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City of Brazil Taking on Chores

A Brazil city ordinance says grass cannot exceed eight inches, so officials are spending $12,000 a year to mow more than 100 lawns.
Brazil has mowed a total of 109 lawns throughout 2013 and the money to mow those lawns is coming out of tax payers' pockets.

"It is by ordinance, which an ordinance is a law, that you do have to maintain your property," said Teresa Glenn of Brazil planning and zoning.

That ordinance states grass and other shrubs must not be taller than eight inches causing the city to cut lawns that have been left to grow wild.

"Most of the properties that we are taking care of are abandoned," said Glenn. "Some of it due to the economy again. Properties have been foreclosed. People just walked away from them for whatever reason."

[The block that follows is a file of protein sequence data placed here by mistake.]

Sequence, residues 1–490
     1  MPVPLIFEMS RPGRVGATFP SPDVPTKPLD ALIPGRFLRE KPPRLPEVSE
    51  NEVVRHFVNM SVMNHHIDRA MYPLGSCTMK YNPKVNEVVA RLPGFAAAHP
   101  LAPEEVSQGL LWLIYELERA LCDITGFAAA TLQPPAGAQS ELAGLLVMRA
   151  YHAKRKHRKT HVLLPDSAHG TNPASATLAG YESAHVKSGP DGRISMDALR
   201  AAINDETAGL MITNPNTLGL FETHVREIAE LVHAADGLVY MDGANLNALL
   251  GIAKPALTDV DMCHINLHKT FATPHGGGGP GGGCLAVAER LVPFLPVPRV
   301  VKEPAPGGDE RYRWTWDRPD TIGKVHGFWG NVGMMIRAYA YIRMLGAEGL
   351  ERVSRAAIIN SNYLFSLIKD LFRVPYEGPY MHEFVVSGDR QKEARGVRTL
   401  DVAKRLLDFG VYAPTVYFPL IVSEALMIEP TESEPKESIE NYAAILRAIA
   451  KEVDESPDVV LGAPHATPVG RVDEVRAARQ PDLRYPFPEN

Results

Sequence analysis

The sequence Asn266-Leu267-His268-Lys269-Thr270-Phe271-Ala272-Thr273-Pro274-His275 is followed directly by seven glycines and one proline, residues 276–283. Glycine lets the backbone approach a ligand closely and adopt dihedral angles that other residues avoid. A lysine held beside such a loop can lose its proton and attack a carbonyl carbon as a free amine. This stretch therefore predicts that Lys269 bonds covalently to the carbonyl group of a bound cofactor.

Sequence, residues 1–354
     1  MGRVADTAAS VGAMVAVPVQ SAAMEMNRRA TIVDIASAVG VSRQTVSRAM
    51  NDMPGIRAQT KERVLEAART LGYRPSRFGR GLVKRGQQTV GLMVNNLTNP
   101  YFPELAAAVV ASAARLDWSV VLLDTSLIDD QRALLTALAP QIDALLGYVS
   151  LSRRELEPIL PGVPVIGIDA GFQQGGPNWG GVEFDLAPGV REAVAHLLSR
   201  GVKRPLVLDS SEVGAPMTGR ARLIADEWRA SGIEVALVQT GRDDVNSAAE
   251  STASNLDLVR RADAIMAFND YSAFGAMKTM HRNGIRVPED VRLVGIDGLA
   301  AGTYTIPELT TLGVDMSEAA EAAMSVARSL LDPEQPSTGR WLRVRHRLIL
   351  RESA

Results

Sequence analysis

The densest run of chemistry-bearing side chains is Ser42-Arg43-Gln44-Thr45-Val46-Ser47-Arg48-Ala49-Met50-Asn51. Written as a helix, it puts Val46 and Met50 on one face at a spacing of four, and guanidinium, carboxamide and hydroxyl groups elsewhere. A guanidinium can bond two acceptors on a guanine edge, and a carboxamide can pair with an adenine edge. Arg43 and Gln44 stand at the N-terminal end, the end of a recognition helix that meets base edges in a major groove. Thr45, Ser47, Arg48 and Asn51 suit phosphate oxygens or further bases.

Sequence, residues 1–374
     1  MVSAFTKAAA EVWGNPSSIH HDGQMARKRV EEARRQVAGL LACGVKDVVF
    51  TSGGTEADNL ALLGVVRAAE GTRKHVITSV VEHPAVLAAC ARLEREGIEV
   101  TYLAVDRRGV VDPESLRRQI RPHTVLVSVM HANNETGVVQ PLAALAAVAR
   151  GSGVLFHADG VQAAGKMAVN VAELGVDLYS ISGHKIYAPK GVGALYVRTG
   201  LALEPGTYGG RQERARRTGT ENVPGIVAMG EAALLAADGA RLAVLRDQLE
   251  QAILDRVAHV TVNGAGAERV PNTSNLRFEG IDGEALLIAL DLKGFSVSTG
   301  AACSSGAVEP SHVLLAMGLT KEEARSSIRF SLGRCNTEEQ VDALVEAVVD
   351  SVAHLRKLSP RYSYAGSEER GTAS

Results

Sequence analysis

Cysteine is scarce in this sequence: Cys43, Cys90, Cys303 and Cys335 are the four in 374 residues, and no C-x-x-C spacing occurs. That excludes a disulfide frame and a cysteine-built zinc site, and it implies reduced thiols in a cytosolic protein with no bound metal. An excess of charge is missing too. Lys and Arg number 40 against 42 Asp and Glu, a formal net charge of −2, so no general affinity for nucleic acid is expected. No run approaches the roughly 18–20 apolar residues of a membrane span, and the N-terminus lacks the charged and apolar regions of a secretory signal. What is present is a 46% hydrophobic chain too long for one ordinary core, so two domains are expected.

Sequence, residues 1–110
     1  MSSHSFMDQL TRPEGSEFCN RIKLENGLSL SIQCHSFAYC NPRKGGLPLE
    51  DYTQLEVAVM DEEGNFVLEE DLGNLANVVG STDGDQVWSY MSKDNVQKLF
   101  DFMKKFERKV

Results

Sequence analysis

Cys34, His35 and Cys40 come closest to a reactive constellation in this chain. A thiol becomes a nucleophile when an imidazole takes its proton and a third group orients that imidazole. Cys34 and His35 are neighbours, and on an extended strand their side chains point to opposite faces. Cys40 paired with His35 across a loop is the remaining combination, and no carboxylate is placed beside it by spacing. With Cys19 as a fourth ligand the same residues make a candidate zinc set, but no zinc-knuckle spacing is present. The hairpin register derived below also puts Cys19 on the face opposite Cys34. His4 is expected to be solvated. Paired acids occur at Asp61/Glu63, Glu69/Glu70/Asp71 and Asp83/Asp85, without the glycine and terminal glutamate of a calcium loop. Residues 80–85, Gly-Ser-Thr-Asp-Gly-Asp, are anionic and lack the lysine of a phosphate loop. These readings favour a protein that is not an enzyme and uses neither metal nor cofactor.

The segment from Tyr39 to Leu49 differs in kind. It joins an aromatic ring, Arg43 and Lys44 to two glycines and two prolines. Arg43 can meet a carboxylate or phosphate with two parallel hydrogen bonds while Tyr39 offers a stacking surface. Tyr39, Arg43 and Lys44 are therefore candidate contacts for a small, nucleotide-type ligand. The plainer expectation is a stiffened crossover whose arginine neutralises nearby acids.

Lawn maintenance is paid for through the city's general fund, which receives all it's cash flow from tax payers.

"It costs us around $12,000 a year," Glenn said.

Brazil officials receive calls from concerned neighbors and even keep an eye on the lawns themselves. Glen suggests that if neighbors help each other, it could relieve stress from the city's wallet.

"Just a knock on the door and say 'Hey I noticed your grass is getting high, is there anything I can do to help. I have a lawn mower you're welcome to use or I can cut it for you,'" said Glenn.

Brazil places a lien on each property where they mow. The cost is then added to the next tax bill. Glenn expects the city to get back 60 to 70 percent of their costs back.
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